Payback time for AIG: Treasury, Congress go after the bonuses

Treasury Secretary Timothy Geithner testifies on Capitol Hill in Washington, Wednesday, March 4, 2009, before the Senate Finance Committee hearing on President Barack Obama's fiscal 2010 federal budget. (AP Photo/J. Scott Applewhite)
Treasury Secretary Timothy Geithner testifies on Capitol Hill in Washington, Wednesday, March 4, 2009, before the Senate Finance Committee hearing on President Barack Obama's fiscal 2010 federal budget. (AP Photo/J. Scott Applewhite) Associated Press

WASHINGTON — In an effort to quell a mounting furor, the Treasury Department said late Tuesday that it would require American International Group to repay the government more than $165 million in bonuses doled out last week to the executives blamed for driving the firm to insolvency.

In a letter to congressional leaders, Treasury Secretary Timothy Geithner said the money would be deducted from the government's latest $30 billion infusion of bailout funds to the insurance giant at the center of the nation's deepening financial crisis.

Geithner also said future bonuses would be subject to tough new limits now being developed for crippled companies getting rescued with taxpayers' money.

The bonus payments, which came to light over the weekend, have provoked nationwide disbelief and touched off finger-pointing from the White House to Wall Street. New York Attorney General Andrew Cuomo disclosed on Tuesday that 73 present and former employees received at least $1 million each in bonuses.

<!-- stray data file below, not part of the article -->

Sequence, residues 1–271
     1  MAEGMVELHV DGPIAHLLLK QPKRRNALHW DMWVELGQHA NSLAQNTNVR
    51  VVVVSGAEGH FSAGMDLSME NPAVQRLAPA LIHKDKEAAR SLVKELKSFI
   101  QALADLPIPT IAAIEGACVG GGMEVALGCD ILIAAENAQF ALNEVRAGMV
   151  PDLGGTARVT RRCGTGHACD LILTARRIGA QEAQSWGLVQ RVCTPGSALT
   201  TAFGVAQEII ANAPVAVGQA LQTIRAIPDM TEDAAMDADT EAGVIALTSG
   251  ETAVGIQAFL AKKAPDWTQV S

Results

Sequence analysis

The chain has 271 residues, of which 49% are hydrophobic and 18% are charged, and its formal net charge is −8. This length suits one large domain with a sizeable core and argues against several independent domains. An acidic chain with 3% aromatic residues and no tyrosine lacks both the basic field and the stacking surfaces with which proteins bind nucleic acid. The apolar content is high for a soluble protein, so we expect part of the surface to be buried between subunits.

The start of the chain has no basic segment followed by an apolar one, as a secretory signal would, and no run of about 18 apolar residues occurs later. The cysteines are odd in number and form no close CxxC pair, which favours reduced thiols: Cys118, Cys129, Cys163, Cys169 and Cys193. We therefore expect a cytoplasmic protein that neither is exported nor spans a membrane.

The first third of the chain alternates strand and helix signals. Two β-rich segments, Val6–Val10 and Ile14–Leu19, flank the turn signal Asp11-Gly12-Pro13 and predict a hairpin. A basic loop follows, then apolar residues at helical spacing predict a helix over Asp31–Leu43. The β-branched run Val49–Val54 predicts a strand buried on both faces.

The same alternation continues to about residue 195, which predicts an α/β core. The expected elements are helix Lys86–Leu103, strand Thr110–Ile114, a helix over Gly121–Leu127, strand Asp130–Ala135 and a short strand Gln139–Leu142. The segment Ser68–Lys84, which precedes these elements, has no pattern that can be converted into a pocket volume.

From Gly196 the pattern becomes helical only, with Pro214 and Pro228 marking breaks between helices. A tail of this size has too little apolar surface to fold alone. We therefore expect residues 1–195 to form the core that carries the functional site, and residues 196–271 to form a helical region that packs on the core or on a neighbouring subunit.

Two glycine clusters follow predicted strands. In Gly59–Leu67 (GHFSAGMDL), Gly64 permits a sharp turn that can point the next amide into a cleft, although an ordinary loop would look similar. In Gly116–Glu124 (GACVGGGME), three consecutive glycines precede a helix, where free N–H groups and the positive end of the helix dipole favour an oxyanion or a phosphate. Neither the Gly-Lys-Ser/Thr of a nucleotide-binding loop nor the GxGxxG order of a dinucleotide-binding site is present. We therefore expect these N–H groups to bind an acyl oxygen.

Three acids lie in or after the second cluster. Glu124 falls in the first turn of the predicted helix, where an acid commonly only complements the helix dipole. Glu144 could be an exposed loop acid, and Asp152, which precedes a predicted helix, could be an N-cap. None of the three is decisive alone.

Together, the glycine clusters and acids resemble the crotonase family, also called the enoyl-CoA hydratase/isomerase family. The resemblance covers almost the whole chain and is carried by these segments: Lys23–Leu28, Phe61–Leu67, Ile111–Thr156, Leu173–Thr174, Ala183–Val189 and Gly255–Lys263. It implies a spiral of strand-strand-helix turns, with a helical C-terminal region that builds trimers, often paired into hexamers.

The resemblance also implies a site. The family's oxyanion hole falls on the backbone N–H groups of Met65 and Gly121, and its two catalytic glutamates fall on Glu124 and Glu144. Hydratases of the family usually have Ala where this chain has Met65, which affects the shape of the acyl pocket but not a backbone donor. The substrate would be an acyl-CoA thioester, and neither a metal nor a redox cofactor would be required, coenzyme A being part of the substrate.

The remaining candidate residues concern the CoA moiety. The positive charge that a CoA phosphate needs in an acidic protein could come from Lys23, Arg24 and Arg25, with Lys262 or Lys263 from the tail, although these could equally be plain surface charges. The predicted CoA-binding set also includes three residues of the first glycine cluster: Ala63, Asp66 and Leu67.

In his letter to Democratic and Republican leaders of Congress, Geithner said he called AIG Chairman and Chief Executive Edward Liddy and "registered my strong objections" after first learning of the planned bonuses.

Citing legal opinions that it was required to honor the bonuses, AIG made the payments anyway last week.

In his disclosure Tuesday, Cuomo said individual bonuses were as high as $6.4 million. AIG even gave $4.6 million to an unidentified official who has left the company and at least $1 million to 10 other former employees, Cuomo said in a separate letter to Congress.

AIG, however, has continued to shield the names of the recipients.

In his letter to Rep. Barney Frank, D-Mass., the chairman of the House Financial Services Committee, Cuomo also said that seven people were paid over $4 million each and 22 got at least $2 million each.

Cuomo said that his office obtained copies of contracts providing for the bonuses, and they "shockingly" required most of the awards to match what the employees got in 2007, "despite obvious signs that 2008 performance would be disastrous in comparison to the year before."

AIG attorneys apparently failed to consider the argument that contracts committing the company to pay bonuses exceeding $165 million might be invalid because the firm would be bankrupt were it not for a taxpayer bailout that's now approaching $182 billion, Cuomo wrote Frank.

The disclosures put Liddy under mounting pressure as he prepared to testify on Wednesday before a House Financial Services subcommittee examining the firm's impact on the global economy.